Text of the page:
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Retired Cop Wants Law Mandating Gun Ownership for Every Household in His Town -- Do You Agree With Him?


"Compelling someone to own a gun is a new one to me in post-Colonial times."

This February 4, 2013 photo illustration in Manassas, Virginia, shows a Colt AR-15 semi-automatic rifle a Colt .45 semi-auto handgun and a Walther PK380 semi-auto handgun and a copy of the US Constitution on top of the American flag. US President Barack Obama Monday heaped pressure on Congress for action 'soon' on curbing gun violence. Obama made a pragmatic case for legislation on the contentious issue, arguing that just because political leaders could not save every life, they should at least try to save some victims of rampant gun crime. Credit: AFP/Getty Images

 Credit: AFP/Getty Images

David Marsters, a resident of Sabattus, Maine, is pushing a controversial proposal that is certain to frustrate gun control advocates. The retired cop is arguing that every head of household in the town be required to have a gun in his or her home.

According to the Bangor Daily News, Marsters believes that by enacting such legislation, "it would provide and protect safety of the city." On Tuesday, the Sabattus selectmen will meet to hear his proposal.

The former law enforcement officer told the outlet that a similar law has worked well in Marsters, Ga.

"I’ve been reading about a Georgia town, Kennesaw," Marsters told the Daily News during a recent interview. "Since 1982, they’ve had an ordinance requiring all homeowners shall be armed and ready to go at all times"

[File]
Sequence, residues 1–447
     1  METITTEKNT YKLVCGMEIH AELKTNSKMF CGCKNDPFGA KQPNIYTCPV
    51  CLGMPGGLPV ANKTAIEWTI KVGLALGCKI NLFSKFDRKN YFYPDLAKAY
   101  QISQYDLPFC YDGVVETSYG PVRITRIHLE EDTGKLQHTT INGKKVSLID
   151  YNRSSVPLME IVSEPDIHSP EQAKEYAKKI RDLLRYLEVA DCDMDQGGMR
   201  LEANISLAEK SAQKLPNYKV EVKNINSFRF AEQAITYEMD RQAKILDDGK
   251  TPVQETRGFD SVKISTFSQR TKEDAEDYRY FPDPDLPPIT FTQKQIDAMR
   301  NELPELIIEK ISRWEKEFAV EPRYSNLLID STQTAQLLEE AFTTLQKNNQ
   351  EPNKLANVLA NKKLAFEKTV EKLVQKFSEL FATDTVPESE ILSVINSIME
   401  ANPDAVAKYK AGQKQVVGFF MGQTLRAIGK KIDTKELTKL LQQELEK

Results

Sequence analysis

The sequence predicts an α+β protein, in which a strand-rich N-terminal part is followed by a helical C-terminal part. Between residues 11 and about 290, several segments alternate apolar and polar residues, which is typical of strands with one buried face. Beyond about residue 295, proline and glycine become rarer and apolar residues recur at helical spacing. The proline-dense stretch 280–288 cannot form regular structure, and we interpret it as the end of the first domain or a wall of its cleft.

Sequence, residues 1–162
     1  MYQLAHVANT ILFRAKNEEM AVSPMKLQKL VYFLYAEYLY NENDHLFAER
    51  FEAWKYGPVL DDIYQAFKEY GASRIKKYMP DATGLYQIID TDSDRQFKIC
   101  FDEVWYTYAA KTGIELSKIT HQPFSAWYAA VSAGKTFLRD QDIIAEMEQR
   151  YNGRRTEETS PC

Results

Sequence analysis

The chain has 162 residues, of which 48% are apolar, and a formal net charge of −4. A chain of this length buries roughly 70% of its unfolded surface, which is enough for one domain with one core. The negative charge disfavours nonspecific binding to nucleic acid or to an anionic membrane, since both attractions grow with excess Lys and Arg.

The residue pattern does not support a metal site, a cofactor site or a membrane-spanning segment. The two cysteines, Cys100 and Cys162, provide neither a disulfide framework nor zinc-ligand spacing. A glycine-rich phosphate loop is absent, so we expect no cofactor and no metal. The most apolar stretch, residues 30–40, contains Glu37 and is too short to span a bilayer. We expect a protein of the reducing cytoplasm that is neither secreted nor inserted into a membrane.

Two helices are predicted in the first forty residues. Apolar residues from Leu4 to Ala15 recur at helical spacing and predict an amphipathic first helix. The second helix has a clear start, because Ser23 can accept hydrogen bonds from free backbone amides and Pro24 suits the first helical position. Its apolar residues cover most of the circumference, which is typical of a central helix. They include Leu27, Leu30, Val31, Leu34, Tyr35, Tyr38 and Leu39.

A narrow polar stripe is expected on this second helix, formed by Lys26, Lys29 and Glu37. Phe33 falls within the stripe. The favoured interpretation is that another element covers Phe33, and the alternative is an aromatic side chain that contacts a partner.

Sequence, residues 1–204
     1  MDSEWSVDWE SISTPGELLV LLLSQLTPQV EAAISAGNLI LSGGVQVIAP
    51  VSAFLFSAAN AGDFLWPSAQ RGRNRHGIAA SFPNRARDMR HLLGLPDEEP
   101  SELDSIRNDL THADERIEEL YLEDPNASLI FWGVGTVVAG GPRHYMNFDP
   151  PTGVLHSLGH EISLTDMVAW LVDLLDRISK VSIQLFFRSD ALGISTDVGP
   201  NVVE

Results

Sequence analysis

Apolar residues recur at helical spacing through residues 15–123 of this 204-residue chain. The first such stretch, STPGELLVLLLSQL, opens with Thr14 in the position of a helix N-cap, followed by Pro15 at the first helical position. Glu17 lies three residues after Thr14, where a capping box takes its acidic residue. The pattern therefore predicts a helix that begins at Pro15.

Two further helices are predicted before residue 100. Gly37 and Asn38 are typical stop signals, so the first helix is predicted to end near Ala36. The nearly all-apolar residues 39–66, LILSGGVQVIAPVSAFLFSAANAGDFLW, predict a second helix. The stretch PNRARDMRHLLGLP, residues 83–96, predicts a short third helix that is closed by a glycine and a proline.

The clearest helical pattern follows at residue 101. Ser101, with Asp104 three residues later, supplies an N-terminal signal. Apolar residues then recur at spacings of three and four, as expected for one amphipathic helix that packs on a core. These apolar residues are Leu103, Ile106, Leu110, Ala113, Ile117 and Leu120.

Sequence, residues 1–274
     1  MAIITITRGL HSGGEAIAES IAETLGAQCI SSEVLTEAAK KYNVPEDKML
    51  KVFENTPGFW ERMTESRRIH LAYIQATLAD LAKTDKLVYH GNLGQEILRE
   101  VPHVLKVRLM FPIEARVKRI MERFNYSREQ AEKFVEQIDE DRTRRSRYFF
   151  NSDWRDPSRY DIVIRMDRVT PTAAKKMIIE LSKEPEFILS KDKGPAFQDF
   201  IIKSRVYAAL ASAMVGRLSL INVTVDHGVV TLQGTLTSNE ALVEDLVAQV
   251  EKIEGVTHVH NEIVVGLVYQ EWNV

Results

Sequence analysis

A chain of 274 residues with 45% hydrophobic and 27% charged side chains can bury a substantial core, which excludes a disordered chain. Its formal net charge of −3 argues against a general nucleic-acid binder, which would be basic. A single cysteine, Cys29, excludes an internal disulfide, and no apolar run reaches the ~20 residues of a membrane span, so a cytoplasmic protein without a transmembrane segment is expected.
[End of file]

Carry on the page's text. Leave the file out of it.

And it seems Marsters has thought through the details of his plan. As far as exemptions go, those who have religious restrictions and individuals with mental illness would not fall under the requirement. He's hoping the proposal is accepted by local leaders and placed on the docket for consideration at the town's June meeting.

The local resident, who is active in politics, has lived in the area for a few years. While the crime rate in Sabattus isn't high, he believes that more guns is the key to cracking down on the crime that does exist.

Marsters decried gun control advocates as being misled, telling the Daily News that guns are not to blame for violence. He also warned that the move to take away firearms could lead to other fundamental rights being eroded, like the freedom of the press to report on important events.

But while Marsters is hopeful his gun law will be adopted, local officials predict it will be rejected. Police Chief Anthony Ward told the Daily News that the Second Amendment affords Americans gun rights, but that an "unsafe environment" could be created if people are forced to have weapons.

Town Manager Andrew Gilmore also weighed in, noting his opposition to the proposed requirement.

"Compelling someone to own a gun is a new one to me in post-Colonial times," he said.

Marsters' plea will be heard at tonight's meeting.

What do you think? Let us know in the comments section.

(H/T: Bangor Daily News)


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